PolitiFact Florida On Low Wages; High Clinton Worth
Does Florida really offer wages way below the national average? And are the Clintons really worth $100 million? We take a look at these claims with PolitiFact Florida's Josh Gillin.
Congresswoman Gwen Graham of North Florida is being touted as a possible successor to Rick Scott once he leaves the governor's mansion in Tallahassee. So it came as little surprise when the Democrat took aim at Republican Scott during her recent speech at the Democratic convention. There, she said Scott has stunted Florida's economy by keeping it a low-wage state.
"After six years, we're now the third-most-populous state, but we rank 38th in wages," she told the crowd in Philadelphia. "Scott's actually proud of how low they are. He goes out around the country and advertises that to other states."
Are we really 38th in wages? Here's what PolitiFact Florida has to say:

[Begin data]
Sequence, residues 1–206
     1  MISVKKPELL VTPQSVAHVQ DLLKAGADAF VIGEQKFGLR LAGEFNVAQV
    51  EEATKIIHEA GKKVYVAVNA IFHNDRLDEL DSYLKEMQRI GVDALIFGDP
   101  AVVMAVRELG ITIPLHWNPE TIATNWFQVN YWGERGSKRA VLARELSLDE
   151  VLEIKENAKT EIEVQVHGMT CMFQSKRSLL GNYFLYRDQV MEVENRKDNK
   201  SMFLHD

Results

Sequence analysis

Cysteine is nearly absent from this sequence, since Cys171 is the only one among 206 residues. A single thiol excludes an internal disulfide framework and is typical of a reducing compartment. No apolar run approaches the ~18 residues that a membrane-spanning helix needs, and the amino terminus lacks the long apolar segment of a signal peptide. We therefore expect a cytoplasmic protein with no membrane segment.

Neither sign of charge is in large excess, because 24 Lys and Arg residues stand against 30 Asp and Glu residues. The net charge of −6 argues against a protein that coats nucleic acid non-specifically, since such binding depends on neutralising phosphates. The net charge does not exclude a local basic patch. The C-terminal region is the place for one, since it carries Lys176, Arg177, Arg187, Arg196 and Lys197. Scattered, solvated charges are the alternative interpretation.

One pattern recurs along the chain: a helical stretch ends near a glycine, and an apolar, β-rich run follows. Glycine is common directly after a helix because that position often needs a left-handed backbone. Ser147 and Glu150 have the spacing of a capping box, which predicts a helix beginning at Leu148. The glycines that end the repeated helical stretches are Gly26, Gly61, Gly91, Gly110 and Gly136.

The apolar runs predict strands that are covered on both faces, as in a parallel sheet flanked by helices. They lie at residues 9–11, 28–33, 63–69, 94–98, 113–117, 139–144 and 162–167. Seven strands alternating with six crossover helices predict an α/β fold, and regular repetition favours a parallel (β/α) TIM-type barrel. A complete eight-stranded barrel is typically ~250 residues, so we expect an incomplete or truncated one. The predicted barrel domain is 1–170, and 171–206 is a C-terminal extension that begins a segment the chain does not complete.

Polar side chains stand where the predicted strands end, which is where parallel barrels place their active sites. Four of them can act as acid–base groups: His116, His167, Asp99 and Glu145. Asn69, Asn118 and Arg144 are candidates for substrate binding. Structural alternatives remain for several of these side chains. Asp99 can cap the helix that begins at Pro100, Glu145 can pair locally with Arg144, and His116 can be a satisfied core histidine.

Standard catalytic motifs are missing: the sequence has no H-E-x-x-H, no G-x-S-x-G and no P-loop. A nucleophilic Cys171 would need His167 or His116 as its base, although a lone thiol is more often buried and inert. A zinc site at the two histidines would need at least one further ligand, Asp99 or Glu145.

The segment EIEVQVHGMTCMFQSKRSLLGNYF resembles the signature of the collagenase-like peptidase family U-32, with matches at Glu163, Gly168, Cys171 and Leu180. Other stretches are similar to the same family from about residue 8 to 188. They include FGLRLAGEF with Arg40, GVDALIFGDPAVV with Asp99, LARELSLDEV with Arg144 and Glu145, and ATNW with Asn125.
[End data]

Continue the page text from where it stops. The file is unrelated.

Let’s start with that number 38. Graham’s office told us was from Census data from the 2011 American Community Survey ranking median household income. The first thing to know about that is the figure is out of date. The latest data from the 2014 survey show Florida has actually regressed to 40th. The second thing to know is that median household income, economists told us, isn’t the same as wages. Wages are a stand-in term for what we’d consider a rate of payment for a unit of time, usually measured in hours. Income can include things like social security, capital gains, rent, dividends and interest. The Bureau of Labor Statistics records wage estimates based on several different occupations. The state’s median and mean hourly wages for all occupations clocks in at $15.29 and $20.60, respectively, trailing the national median and mean of $17.40 and $23.23. Moody’s senior economist Chris Lafakis used the agency’s Quarterly Census of Employment and Wages, and said Florida ranks 30th by that measure. A big reason for that is because Florida’s tourism-based economy is filled with low-skilled jobs that just don’t pay all that well. Meanwhile, the cost of living here is marginally lower than the national average, according to the Bureau of Economic Analysis. Taxes, not wages Scott’s refrain for the past six years has been about creating jobs as the state recovered from recession. One of Scott’s methods has been to try to steal jobs from other states (and not necessarily very high-paying ones). Florida also is not the only state faced with lackluster wage growth. Tina Sinclair, an economist at George Washington University, said trying to increase purchasing power is a global problem. She cited an Indeed Hiring Lab report that said real wage growth is lagging overall. "Only 16 percent of jobs today are both high-paying and saw wage growth at least matching inflation over the past 10 years," she said. Our ruling Graham said, "We rank 38th in wages. ... (Rick Scott) goes out around the country and advertises that to other states." There are issues with the figure she used, which is both outdated and an improper reading of how wages are calculated. But while there’s no question Florida’s wages are low by national standards, it doesn’t appear Scott has boasted (at least publicly) about this fact while recruiting businesses from other states. The closest example is Enterprise Florida’s California radio ad, which focused on the Golden State’s lower jobs forecast after boosting the minimum wage. While clearly opposing the $15 minimum wage, the ad focused on lower taxes and less regulation, not Florida’s minimum wage. We rate Graham’s statement Half True.